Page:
Well I never!

Last Friday evening, I went to a highly informative talk organised by The Friends of Watlington Library. The speaker was Anthony Forbes-Watson, Chief Executive and Managing Director of Pan-Macmillan. His subject was

The World of Publishing

In his talk, Anthony addressed the ways in which publishers were adapting to changes in the modern digital world, how they were facing the challenges posed by international markets and how they were handling the aspirations of today’s authors.

Anthony Forbes-Watson, addressing a packed audience in the Town Hall, Watlington

I’m assuming that many of you will have attended talks given under the auspices of the Romantic Novelists’ Association and the Verulam Writers’ Circle, to name but two, and that you already know a great deal about the state of the publishing industry today so, instead of summing up the content of this stimulating talk, I intend to pick out some of the points that I found particularly interesting.

Did you know that…

1. … Jeffrey Archer has women to thank for the fact that he’s now doing a five-book saga? Readers were given pages of his work without knowing who wrote it, or even if the author was a man or a woman. 65% of the readers thought that the pages had been written by a woman. As a result, Jeffrey Archer was asked to write a saga.

Jeffrey Archer, courtesy of Wikipedia

2.  … fewer than 50% of the population buy books; 30% of fiction sales are electronic purchases; 27% of the population have no internet access?

3.   … in India, ten times more is spent on ring tones for mobile phones than is spent on purchasing/downloading music?

4.  … the UK market is small, but the reach of English is huge and the publishers, needing more markets, are increasingly looking overseas? US publishers, with a huge potential market, have no need to be internationally minded.

5.  … Germany, France and Spain still have Retail Price Maintenance and don’t have an ebook market?

6. …  the lack of demand for audio books, for which there’s only one distributor in the UK, relates to the short length of car journeys in the UK? Audio books are in great demand in the US, where car journeys are much longer.

7. … In France, entry to literary festivals is free?

8. … 3 reasons given by Amanda Hocking as to why, after becoming a self-publishing dollar millionaire, she signed with a traditional publisher were a)  self-publishing was lonely; b)  it was time-consuming being a businesswoman; c)  she thought that if she stayed alone, she might lose her fame as swiftly as she’d gained it?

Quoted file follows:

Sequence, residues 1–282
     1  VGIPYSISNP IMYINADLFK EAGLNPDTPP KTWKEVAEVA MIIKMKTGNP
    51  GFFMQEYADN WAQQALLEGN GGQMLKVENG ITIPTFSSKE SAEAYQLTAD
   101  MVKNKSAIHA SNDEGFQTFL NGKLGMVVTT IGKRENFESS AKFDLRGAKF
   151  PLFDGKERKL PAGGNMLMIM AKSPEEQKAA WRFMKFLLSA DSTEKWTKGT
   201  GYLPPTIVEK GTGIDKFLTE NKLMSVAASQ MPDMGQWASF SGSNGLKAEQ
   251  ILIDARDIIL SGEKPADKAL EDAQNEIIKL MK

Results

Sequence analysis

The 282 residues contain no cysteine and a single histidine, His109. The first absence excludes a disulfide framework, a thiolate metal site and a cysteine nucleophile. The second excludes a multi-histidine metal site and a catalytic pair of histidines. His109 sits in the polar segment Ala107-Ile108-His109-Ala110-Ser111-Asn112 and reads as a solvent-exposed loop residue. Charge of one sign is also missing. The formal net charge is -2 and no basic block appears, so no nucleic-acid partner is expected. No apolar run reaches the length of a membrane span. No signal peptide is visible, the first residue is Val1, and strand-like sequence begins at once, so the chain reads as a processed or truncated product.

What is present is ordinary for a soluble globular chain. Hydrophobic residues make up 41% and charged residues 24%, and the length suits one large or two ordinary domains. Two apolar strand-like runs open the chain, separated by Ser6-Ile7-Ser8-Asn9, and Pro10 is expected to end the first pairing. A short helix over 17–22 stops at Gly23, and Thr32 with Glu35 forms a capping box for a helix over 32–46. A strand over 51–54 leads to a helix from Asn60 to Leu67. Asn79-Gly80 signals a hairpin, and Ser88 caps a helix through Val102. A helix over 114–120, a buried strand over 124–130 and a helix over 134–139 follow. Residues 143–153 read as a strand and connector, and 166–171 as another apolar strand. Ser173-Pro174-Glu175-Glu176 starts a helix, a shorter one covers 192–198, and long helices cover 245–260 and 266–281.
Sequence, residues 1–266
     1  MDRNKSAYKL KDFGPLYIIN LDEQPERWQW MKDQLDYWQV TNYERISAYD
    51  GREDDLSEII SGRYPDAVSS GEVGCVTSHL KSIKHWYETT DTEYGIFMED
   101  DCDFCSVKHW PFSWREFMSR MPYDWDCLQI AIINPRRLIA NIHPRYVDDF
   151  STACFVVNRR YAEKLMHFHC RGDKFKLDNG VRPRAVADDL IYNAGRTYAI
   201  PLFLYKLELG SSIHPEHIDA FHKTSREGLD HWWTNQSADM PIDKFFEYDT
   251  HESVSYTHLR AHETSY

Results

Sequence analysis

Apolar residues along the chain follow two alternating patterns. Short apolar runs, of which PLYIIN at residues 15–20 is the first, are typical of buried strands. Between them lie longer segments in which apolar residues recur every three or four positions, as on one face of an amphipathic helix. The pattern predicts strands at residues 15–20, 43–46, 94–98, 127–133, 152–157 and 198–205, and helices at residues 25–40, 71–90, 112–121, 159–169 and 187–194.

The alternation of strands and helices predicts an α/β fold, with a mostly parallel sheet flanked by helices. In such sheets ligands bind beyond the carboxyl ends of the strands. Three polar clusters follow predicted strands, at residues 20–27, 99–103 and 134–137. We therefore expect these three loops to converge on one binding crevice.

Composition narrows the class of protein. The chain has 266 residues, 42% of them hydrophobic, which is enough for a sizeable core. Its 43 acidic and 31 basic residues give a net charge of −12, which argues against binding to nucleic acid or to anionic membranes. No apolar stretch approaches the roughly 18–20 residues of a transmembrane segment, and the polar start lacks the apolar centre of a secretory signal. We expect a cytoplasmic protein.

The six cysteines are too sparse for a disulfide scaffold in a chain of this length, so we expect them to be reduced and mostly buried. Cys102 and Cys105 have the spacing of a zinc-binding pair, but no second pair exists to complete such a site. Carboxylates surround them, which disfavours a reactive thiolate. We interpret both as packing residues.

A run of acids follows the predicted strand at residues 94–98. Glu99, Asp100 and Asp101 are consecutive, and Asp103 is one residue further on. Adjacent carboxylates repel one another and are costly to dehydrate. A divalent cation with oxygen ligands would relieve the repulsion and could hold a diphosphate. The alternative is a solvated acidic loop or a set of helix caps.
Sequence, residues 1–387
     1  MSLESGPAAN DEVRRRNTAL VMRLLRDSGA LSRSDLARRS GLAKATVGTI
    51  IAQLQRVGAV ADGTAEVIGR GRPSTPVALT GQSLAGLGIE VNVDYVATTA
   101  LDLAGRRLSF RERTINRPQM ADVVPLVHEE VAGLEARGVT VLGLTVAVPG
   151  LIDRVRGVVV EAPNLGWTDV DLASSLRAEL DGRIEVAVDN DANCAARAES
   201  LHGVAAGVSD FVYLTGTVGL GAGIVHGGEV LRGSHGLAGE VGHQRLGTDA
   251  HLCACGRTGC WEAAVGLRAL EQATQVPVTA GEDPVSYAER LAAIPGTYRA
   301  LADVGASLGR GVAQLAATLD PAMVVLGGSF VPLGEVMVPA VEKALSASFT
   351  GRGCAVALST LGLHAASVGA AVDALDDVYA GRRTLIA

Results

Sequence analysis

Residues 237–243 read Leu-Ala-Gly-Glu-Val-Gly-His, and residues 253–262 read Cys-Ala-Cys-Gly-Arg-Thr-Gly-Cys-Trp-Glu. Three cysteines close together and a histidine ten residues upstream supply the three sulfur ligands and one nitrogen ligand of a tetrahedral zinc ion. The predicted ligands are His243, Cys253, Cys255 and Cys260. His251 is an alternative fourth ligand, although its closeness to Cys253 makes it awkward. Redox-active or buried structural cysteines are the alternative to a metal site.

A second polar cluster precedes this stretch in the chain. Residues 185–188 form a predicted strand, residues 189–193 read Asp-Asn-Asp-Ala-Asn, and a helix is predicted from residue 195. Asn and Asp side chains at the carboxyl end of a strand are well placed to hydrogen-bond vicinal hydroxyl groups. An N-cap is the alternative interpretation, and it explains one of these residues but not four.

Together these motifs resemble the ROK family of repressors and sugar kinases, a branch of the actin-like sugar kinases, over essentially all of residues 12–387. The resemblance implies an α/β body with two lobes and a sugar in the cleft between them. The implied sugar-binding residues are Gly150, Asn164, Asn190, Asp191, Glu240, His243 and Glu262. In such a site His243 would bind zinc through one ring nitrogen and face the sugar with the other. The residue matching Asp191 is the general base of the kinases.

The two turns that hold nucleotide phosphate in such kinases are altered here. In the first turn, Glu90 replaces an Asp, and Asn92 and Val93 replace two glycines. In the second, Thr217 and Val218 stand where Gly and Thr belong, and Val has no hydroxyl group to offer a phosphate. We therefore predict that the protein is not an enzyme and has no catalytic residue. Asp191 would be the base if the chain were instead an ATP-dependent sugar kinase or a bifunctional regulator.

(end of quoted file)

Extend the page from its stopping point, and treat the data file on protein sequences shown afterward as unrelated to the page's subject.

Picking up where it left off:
Watlington Town Hall, on a damp St. George's Day


Bye for now! Have a good week, all of you.

  • Fantastic post, Liz. I especially enjoyed your summary of points about publishing. It’s amazing that fewer than 50 per cent of the population buy books. I can’t resist them!

    • Liz:

      I was amazed, too, Emma. Also the point about the market for mobile ring-tones in India being so much more valuable than that for music. What power it gives the mobile!

  • Extremely interesting post, Liz. I had no idea about the lack of demand for audio books in the UK. Makes sense when you think about it!

    • Liz:

      Thanks, Sheryl. I was surprised, too, but it does make sense. Apparently, they’re sometimes put into an author package – an interview with the author and the audio book.

  • Useful info there, Liz. Thank you for posting it.

  • Jan Brigden:

    Wow, Liz, this a great post. So informative and such a turn-up with some of those facts. Sounds like you had a fab time. Thanks so much for sharing with us 🙂 x

    • Liz:

      Thanks, Jan. Yes, it was a good evening – and not just because we were given wine and smoked salmon! I was quite surprised by what the speaker said, and I thought that Amanda Hocking’s third reason for signing with a traditional pulblisher was interesting.

  • Illustrated as well!Thanks,Liz

  • Interesting, Liz, the comment that “Germany, France and Spain […] don’t have an ebook market”. Did he mean the market was miniscule in those countries, i.e insignificant?

    You can buy ebooks on amazon.de (including mine!), but many French neighbours and friends, and even the hospital staff during my stay recently, were intrigued by my Kindle.

    • Liz:

      The fact the retail price of books is still controlled in those countries, he said, meant that there was a more deferential approach to books.

      Without the ability to discount books widely, I imagine that ebook sales, under the auspices of French, German and Spanish outlets, would be severely restricted.

      I imagine that people in those countries would still be able to access, and buy, ebooks through companies based elsewhere, though.

      • Indeed. If I buy physical books online, I buy from the UK and grin and bear the postage as it’s cheaper overall than buying it on the same company’s French website.

  • Some really interesting statistics and info there Liz. Thanks for sharing it!

  • Carol McGrath:

    This was fabulously interesting. I loved it. Who would think that all that happened or was said in little historical Watlington. You captured the essence of that talk brilliantly, Liz.x

  • Great post Liz. Still reeling that he blamed women for Jeffrey Archer! 🙂 X

  • A really interesting report and a thought provoking post, Liz. Thank you for it.

    Janice xx

  • Hi Liz, there are some interesting facts here that I had no idea about. I read all of my Dad’s Jeffrey Archer’s books when I was a teenager on summer holidays-he does know how to write a great plot.

  • my Dad’s Jeffrey Archer books-sorry (I have my editing brain on and noticed my mistake when re-reading the comment!)

    • Liz:

      I’m always picking up mistakes on comments that I’ve made AFTER they’ve been published. I did that only two days ago in my comment on Alison Morton’s latest blog. I left a word out. It’s so easily done 🙂

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